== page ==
Francis Henry Medcalf

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Francis Henry Medcalf
Francis H. Medcalf, Mayor of Toronto, 1864-1866 and 1874-1875.jpg
16th Mayor of Toronto
In office
1864–1866
Preceded by John George Bowes
Succeeded by James Edward Smith
In office
1874–1875
Preceded by Alexander Manning
Succeeded by Angus Morrison
Personal details
Born (1803-05-10)May 10, 1803
Delgany, County Wicklow, Ireland
Died March 26, 1880(1880-03-26) (aged 76)
Toronto, Ontario

Francis Henry Medcalf (May 10, 1803 – March 26, 1880) was a Canadian millwright, iron founder, and Mayor of Toronto during the periods 1864–1866 and 1874–1875. He was also a member of the Orange Order in Canada.

Early life[edit]

Medcalf was born in Delgany, County Wicklow, Ireland, in 1803 and moved to Upper Canada in 1819 with his parents, William and Martha Medcalf, and seven siblings. They lived on the Big Otter Creek in Bayham, Ontario. In 1823, Medcalf relocated to Philadelphia in the United States, where he began working as a blacksmith and millwright.[1] He married Mary Harrison in Philadelphia before returning with her to Canada in 1839 to run several foundries in Toronto;[2] they had four sons and two daughters together. He opened the Don Foundry and Machine Shop in 1847, which specialized in the production of agricultural machinery and steam engines.[1]

Political career[edit]

Medcalf was heavily involved in the Protestant organization the Orange Order, which had a strong presence in Toronto. Between 1854 and 1862, he held master positions at various Orange Order lodges in Toronto, and was a lodge grand master of Canada West in the period 1862–64.[1] It was his lodge service that led him to Toronto politics and his successful election as alderman of St. Lawrence Ward in 1860 and St. David's Ward in 1863, 1867 and 1868.[2] In 1864 he ran in the election for Mayor of Toronto in opposition to the incumbent mayor John George Bowes. Medcalf was supported by a coalition of Orangemen, Conservatives and Liberals and won the mayoralty. He won again by a large majority in 1865 and ran unopposed in 1866. Between 1867 and 1873, the mayor was selected by Toronto City Council rather than by popular vote, but when the electoral system was restored in 1874 he was re-elected for another two terms until he was defeated by the Conservative member Angus Morrison in 1876.[1] He also ran for election in 1871 in the Toronto East district, but was defeated by Matthew Crooks Cameron.[1]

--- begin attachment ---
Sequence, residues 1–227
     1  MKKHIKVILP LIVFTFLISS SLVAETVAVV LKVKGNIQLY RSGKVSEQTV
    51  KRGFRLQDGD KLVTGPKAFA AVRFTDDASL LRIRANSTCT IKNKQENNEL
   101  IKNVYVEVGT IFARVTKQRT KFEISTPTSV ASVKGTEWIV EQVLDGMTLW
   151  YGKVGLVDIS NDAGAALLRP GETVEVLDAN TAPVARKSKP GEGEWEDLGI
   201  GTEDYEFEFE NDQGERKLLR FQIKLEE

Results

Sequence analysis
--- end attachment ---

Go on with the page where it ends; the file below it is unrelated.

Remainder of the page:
Medcalf's nickname in politics was "Old Squaretoes",[3] a reference to his foundry work boots, an image he used to promote his "rags-to-riches story".[4] One of his most significant achievements during his time in office was in the development of the Cabbagetown fire department in Toronto.[4]

Death[edit]

Medcalf died on March 26, 1880 in Toronto, aged 77.[2] His son Alfred took over the foundry business after Medcalf's death.[1]

References[edit]

  1. ^ a b c d e f "Francis Henry Medcalf". Dictionary of Canadian Biography (online ed.). University of Toronto Press. 1979–2016. 
  2. ^ a b c "Francis Henry Medcalf - Toronto's First County Master". Canadian Orange Historical Site. Orange Order. Retrieved September 28, 2014. 
  3. ^ Kealey, Gregory S. (1995). Workers and Canadian History. McGill-Queen's Press. p. 167. ISBN 9780773565678. 
  4. ^ a b Coopersmith, Penina (1998). Cabbagetown: The Story of a Victorian Neighbourhood. James Lorimer & Company. pp. 45–46. ISBN 9781550285796.